And for a Three-Post Day…

Mondoville College has a tradition of a few years standing of creating daily devotionals for Advent, with a selection from Scripture, a brief meditation, and a prayer. As it happens, today marks the first day of our observance, and your genial host was picked to lead off this year’s devotionals. So without further ado:

“Know ye that the kingdom of God is nigh at hand.”

Luke 21:25-36

King James Version (KJV)

25 And there shall be signs in the sun, and in the moon, and in the stars; and upon the earth distress of nations, with perplexity; the sea and the waves roaring;

26 Men’s hearts failing them for fear, and for looking after those things which are coming on the earth: for the powers of heaven shall be shaken.

27 And then shall they see the Son of man coming in a cloud with power and great glory.

28 And when these things begin to come to pass, then look up, and lift up your heads; for your redemption draweth nigh.

29 And he spake to them a parable; Behold the fig tree, and all the trees;

30 When they now shoot forth, ye see and know of your own selves that summer is now nigh at hand.

31 So likewise ye, when ye see these things come to pass, know ye that the kingdom of God is nigh at hand.

32 Verily I say unto you, This generation shall not pass away, till all be fulfilled.

33 Heaven and earth shall pass away: but my words shall not pass away.

34 And take heed to yourselves, lest at any time your hearts be overcharged with surfeiting, and drunkenness, and cares of this life, and so that day come upon you unawares.

35 For as a snare shall it come on all them that dwell on the face of the whole earth.

36 Watch ye therefore, and pray always, that ye may be accounted worthy to escape all these things that shall come to pass, and to stand before the Son of man.

 

There’s an apocryphal Chinese curse that says, “May you live in interesting times.” The joke, of course, is that the things the world finds interesting are often unpleasant, or at least uncomfortable. And it often seems that things are typically more interesting than we would like them to be.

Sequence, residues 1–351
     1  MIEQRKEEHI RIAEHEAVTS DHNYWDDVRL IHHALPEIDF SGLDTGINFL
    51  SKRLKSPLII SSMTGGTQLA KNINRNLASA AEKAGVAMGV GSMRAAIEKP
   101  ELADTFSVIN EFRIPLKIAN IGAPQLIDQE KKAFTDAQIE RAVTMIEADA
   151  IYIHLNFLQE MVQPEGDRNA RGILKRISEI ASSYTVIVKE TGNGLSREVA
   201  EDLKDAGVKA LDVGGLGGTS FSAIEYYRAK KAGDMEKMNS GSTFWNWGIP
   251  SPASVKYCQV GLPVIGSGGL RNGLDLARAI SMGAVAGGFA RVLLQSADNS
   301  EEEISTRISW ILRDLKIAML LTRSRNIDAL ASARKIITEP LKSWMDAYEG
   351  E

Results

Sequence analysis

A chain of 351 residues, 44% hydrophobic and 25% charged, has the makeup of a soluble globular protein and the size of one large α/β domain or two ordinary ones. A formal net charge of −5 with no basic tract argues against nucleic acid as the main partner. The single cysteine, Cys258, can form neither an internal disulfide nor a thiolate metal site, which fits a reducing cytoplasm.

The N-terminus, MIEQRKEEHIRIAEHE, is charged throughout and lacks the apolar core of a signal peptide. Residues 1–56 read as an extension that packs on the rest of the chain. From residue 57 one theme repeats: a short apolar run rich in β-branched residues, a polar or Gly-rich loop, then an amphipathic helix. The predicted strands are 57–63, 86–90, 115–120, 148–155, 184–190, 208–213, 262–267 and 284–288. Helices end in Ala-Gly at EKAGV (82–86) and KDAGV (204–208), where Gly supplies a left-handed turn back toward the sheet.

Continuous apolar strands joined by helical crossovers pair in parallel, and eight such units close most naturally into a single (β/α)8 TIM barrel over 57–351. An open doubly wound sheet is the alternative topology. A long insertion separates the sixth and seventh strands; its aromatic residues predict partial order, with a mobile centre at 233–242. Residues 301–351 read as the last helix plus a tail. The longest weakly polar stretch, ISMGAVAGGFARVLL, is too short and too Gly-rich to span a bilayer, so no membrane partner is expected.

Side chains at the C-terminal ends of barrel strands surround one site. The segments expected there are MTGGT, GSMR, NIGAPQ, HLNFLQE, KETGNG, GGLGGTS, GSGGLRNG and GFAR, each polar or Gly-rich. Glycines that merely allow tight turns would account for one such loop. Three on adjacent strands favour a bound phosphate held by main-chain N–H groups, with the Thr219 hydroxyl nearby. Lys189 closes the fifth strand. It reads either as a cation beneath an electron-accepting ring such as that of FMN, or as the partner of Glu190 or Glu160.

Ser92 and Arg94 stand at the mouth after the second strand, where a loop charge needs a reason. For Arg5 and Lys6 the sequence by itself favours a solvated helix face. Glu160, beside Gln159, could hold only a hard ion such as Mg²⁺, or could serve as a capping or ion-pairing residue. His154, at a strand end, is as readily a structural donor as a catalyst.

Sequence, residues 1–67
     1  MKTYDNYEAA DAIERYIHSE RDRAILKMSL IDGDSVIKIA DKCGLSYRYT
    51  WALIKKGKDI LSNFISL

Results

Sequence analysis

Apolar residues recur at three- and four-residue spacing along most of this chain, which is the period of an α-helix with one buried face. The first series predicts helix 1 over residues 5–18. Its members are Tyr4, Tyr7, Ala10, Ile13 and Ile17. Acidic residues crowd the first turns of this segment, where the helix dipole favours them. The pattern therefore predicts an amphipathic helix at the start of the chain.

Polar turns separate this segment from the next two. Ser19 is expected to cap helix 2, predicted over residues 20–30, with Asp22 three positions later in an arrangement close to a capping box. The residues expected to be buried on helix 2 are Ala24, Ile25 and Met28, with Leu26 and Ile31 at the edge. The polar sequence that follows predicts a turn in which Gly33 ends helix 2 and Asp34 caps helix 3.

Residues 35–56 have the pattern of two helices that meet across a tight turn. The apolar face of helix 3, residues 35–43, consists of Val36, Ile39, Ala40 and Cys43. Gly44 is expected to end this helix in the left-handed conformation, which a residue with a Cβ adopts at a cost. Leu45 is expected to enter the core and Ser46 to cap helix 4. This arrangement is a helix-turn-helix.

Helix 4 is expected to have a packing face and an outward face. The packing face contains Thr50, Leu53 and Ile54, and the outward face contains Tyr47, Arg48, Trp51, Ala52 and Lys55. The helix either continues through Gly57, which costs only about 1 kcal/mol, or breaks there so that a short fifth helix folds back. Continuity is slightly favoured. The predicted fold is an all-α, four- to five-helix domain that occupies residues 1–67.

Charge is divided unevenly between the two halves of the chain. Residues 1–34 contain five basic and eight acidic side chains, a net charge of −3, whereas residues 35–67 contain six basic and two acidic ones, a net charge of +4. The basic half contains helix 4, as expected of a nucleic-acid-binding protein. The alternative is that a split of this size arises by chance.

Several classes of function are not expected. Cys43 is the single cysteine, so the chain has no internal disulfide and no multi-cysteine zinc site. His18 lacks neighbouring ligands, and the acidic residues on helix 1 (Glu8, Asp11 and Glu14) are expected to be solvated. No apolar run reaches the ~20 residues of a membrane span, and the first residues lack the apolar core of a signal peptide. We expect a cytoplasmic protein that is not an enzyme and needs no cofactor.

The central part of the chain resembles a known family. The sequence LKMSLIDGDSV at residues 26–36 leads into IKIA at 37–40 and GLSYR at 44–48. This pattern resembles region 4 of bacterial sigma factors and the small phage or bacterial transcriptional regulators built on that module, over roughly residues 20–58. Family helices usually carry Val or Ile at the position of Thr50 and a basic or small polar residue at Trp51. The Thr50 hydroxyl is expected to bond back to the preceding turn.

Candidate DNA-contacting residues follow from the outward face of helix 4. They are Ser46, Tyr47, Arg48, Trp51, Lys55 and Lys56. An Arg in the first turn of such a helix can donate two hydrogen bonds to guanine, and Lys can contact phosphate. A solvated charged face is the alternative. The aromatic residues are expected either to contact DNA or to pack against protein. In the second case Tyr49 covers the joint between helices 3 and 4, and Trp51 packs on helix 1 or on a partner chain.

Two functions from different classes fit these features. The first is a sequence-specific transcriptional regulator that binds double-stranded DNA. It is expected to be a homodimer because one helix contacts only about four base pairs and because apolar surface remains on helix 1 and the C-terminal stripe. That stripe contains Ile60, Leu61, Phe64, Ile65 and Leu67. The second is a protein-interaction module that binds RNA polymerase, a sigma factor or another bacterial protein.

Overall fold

In this passage from the Gospel, Christ speaks of the time before His return, with the sense that those times will be interesting indeed. Nature and nations will both be disturbed, we’re told, and as sure as the green shoots mark the coming of spring and summer, Jesus tells us those disturbances will mark His return, and that we should be ready when we see these signs. We should be on our toes – ready to move.

But as we’ve noted, it seems like nature and the nations of the world are always troubled, and it seems like we should be on our toes all the time. Too many times, too many people have even taken the signs they’ve seen as portents that the End is at hand. But what if we looked at it a little differently?

What if we take these signs not as warnings of the end, but as signs of a new beginning? What if Christ is telling us to be ready because He doesn’t want us to miss anything?

That’s what Advent is, of course – the preparation for the coming of the Lord – and it isn’t a time of dread, but one of celebration. Something wonderful is going to happen, and we won’t want to miss any of it. Get ready; stay ready. These are interesting times – but eventually, wonderful times will follow.

 

Heavenly Father, thank you for interesting times, and for the blessing that you have promised will follow. We don’t want to miss any of it. In the name of Christ, Amen.

Advertisements

About profmondo

Dad, husband, mostly free individual, medievalist, writer, and drummer. "Gladly wolde he lerne and gladly teche."
This entry was posted in Education, Faith. Bookmark the permalink.

Leave a Reply

Fill in your details below or click an icon to log in:

WordPress.com Logo

You are commenting using your WordPress.com account. Log Out / Change )

Twitter picture

You are commenting using your Twitter account. Log Out / Change )

Facebook photo

You are commenting using your Facebook account. Log Out / Change )

Google+ photo

You are commenting using your Google+ account. Log Out / Change )

Connecting to %s